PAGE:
Ethical Responses to Genocide

David Pettigrew, PhD,
Philosophy Department,
Southern Connecticut State University


Selected Studies:

Armenian Genocide

The Holocaust
International Humanitarian Law
Origin of the Term:
Raphael Lemkin














Convention on the Prevention and Punishment of the Crime of Genocide

Adopted by Resolution 260 (III) A of the U.N. General Assembly on 9 December 1948. Entry into force: 12 January 1951. (excerpted from the Convention)

Article II

In the present Convention, genocide means any of the following acts committed with intent to destroy, in whole or in part, a national, ethnical, racial or religious group, as such:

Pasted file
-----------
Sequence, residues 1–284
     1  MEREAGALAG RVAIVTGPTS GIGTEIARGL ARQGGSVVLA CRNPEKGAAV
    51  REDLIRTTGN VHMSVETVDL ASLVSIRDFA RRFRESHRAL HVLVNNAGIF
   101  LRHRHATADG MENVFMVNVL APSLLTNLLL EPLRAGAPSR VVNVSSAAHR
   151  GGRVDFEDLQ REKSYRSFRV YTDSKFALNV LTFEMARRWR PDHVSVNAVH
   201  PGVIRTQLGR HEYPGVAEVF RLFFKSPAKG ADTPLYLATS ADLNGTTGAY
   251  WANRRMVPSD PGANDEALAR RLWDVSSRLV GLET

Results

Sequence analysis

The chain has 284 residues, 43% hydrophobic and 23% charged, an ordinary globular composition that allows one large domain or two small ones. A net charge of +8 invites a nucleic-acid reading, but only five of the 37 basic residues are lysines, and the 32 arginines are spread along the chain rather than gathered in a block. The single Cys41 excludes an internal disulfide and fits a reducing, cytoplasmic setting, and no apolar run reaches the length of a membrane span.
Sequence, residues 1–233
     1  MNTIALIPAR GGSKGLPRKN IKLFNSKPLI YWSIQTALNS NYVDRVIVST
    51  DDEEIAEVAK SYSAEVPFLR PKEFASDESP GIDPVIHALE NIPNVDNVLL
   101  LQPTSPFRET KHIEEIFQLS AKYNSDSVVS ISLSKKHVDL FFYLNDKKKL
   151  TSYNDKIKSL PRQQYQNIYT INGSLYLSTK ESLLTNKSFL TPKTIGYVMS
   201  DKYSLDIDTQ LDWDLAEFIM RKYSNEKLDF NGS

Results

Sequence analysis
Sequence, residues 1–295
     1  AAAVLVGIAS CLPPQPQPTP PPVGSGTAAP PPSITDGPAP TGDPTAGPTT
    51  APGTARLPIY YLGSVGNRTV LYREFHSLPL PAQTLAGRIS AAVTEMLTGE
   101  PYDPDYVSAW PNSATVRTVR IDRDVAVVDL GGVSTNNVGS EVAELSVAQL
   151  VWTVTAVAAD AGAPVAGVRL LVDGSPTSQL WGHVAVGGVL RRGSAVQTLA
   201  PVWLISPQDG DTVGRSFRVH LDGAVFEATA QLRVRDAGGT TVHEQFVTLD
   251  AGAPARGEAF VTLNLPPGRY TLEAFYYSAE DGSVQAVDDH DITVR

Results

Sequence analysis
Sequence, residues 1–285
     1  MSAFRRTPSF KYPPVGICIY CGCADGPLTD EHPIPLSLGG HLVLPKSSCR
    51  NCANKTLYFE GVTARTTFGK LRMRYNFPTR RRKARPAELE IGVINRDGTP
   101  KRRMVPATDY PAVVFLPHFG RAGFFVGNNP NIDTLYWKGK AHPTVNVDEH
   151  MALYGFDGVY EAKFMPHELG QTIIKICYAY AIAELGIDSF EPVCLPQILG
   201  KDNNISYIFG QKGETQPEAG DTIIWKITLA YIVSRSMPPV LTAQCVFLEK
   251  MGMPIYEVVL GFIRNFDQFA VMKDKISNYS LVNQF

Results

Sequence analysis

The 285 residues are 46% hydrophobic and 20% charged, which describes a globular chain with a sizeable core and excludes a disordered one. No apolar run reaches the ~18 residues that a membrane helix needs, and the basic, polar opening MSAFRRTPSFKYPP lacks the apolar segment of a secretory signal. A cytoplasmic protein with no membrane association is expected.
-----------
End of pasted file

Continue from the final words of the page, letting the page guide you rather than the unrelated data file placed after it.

(a) Killing members of the group;
(b) Causing serious bodily or mental harm to members of the group;
(c) Deliberately inflicting on the group conditions of life calculated to bring about its physical destruction in whole or in part;
(d) Imposing measures intended to prevent births within the group;
(e) Forcibly transferring children of the group to another group.

Link to Full Text